c) Use repeated-measures designs. Repeated measures designs are where participants are measured multiple times (e.g., once a day surveys, multiple trials in an experiment, etc.). Repeated measures designs reduce the mean square error by partitioning out the variance due to individual participants. Depending on the kind of analysis you do, it can also increase the degrees of freedom for the analysis substantially. For example, you might only have 100 participants, but if you measured them once a day for 21 days, you’ll actually have 2100 data points to analyze. The data analysis can get tricky and the interpretation of the data may change, but many multilevel and structural equation models can take advantage of these designs by examining each measurement occasion (i.e., each day, each trial, etc.) as the unit of interest, instead of each individual participant. Increasing the degrees of freedom is much like increasing the sample size in terms of increasing statistical power. I’m a big fan of repeated measures designs, because they allow researchers to collect a lot of data from fewer participants.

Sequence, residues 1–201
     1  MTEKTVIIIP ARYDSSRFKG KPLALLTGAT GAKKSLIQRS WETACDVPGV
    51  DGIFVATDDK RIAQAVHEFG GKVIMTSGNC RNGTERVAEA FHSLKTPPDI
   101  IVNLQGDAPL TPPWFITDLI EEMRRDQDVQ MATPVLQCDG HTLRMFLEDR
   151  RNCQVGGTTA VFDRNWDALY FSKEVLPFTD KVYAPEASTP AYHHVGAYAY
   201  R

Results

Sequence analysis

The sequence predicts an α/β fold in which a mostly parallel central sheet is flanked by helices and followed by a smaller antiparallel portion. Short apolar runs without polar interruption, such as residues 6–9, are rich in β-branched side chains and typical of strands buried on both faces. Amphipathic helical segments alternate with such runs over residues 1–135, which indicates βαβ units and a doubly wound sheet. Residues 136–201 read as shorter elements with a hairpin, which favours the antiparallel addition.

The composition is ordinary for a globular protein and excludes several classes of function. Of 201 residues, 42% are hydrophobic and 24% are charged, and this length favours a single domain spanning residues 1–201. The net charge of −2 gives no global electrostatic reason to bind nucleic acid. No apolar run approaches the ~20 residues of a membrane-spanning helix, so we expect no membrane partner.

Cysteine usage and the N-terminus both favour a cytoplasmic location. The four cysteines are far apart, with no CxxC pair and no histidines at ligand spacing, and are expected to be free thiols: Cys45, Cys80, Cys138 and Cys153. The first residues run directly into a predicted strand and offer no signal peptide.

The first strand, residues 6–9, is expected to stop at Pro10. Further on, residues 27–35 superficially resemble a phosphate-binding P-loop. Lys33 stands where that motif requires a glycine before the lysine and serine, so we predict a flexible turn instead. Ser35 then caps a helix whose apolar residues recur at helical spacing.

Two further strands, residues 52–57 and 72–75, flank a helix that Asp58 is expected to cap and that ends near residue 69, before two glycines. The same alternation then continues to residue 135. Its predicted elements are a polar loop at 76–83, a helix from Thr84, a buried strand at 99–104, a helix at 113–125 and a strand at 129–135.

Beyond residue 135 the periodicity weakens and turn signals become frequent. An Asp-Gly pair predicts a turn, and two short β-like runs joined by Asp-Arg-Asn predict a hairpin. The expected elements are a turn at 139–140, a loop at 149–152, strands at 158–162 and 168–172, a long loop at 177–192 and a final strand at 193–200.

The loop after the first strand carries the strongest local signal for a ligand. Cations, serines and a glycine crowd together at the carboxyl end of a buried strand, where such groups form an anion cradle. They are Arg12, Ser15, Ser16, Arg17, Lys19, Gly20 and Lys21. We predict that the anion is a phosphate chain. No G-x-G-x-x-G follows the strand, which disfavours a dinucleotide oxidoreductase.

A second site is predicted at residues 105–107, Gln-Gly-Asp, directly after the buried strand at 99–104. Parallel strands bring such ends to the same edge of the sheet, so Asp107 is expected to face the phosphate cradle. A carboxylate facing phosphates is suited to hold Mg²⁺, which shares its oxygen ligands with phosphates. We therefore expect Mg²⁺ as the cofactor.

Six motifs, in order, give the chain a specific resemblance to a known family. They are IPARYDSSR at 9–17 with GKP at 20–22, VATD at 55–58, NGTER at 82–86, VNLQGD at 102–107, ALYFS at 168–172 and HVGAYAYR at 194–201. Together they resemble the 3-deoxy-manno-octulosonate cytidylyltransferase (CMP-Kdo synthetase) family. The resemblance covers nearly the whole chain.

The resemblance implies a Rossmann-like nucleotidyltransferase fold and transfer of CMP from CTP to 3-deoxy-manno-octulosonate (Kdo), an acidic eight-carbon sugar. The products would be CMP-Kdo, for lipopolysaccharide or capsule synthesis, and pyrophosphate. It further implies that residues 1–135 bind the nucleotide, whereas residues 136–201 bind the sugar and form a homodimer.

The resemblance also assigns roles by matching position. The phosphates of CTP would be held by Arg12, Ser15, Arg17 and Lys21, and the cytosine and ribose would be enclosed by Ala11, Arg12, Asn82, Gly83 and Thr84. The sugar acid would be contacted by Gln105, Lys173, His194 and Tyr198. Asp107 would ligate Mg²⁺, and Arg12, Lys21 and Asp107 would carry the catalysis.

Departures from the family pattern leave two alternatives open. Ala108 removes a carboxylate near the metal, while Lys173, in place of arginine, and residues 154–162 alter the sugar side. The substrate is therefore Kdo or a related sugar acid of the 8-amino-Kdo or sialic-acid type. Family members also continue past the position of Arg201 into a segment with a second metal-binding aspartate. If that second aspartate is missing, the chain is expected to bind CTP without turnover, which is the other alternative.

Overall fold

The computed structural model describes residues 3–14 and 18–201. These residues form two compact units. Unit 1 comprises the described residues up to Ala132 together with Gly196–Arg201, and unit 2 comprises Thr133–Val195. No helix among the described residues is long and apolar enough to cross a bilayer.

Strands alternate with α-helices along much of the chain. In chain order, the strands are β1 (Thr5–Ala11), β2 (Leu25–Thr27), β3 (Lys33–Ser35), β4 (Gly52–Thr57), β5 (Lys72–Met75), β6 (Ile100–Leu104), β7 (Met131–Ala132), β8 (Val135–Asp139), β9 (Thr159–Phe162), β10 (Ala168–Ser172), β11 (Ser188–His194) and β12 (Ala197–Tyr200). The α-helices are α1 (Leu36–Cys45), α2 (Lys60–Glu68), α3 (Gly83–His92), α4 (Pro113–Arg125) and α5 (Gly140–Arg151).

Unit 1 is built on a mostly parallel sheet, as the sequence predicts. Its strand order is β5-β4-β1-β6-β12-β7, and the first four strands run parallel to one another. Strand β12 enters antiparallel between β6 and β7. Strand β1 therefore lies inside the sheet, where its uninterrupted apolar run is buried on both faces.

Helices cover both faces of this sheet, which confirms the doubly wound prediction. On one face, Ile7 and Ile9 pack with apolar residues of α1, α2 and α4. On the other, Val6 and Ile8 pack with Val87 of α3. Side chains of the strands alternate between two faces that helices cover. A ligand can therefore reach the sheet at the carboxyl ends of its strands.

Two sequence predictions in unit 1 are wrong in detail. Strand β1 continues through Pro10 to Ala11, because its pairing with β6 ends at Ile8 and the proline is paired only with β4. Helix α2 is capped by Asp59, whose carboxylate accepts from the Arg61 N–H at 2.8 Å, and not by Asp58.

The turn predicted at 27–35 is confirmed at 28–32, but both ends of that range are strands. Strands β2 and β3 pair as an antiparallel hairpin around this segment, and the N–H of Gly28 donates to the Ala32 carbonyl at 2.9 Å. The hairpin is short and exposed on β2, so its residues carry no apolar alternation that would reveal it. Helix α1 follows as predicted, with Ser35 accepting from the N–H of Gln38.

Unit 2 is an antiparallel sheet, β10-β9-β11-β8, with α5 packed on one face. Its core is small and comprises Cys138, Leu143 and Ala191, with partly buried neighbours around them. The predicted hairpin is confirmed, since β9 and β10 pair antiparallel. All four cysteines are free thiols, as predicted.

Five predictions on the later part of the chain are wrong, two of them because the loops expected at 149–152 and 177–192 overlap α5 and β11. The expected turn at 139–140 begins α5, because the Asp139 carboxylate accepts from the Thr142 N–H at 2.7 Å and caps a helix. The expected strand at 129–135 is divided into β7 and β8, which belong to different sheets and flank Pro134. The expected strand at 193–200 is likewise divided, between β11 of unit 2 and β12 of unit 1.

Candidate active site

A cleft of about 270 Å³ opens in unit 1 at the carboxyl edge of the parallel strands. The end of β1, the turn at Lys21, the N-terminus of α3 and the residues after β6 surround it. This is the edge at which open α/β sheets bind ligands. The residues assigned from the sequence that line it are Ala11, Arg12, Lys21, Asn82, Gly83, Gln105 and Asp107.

Recommendation 2: Increase the variance of your predictor variable
Another less-known way to increase statistical power and precision is to increase the variance of your predictor variables (X). The formula listed above shows that doubling the variance of X is has the same impact on increasing statistical precision as doubling the sample size does! So it’s worth figuring this out.
a) In correlational research, use more comprehensive continuous measures. That is, there should be a large possible range of values endorsed by participants. However, the measure should also capture many different aspects of the construct of interest; artificially increasing the range of X by adding redundant items (i.e., simply re-phrasing existing items to ask the same question) will actually hurt the validity of the analysis. Also, avoid dichotomizing your measures (e.g., median splits), because this reduces the variance and typically reduces power (MacCallum et al., 2002).